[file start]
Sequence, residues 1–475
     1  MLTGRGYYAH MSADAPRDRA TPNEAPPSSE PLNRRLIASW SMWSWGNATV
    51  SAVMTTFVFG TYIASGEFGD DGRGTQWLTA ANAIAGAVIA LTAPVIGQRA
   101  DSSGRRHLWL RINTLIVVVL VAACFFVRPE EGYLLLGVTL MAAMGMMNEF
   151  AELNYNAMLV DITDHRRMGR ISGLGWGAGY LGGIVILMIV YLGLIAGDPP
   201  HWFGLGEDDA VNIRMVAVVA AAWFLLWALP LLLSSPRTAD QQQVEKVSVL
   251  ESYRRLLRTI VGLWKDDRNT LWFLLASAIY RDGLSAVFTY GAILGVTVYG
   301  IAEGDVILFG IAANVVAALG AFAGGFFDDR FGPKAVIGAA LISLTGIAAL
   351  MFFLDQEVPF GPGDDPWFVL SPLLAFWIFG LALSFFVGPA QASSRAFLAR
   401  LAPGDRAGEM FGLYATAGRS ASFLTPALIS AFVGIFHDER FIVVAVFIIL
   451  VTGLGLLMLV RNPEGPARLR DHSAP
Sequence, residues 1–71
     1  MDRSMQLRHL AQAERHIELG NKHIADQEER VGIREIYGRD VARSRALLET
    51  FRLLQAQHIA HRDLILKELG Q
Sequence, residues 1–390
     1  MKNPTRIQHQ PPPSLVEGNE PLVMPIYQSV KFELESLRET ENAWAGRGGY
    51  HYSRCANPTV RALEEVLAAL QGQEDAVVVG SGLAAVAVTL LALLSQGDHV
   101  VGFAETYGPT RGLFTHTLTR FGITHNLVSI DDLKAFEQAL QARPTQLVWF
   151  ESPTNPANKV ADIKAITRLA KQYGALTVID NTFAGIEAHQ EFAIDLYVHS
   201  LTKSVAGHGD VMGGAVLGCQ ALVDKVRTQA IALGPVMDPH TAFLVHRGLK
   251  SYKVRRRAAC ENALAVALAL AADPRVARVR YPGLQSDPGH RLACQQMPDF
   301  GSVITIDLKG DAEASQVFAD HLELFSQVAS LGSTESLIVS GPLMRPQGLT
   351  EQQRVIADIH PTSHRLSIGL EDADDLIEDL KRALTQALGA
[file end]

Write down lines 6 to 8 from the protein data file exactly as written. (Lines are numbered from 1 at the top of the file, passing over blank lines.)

   201  HWFGLGEDDA VNIRMVAVVA AAWFLLWALP LLLSSPRTAD QQQVEKVSVL
   251  ESYRRLLRTI VGLWKDDRNT LWFLLASAIY RDGLSAVFTY GAILGVTVYG
   301  IAEGDVILFG IAANVVAALG AFAGGFFDDR FGPKAVIGAA LISLTGIAAL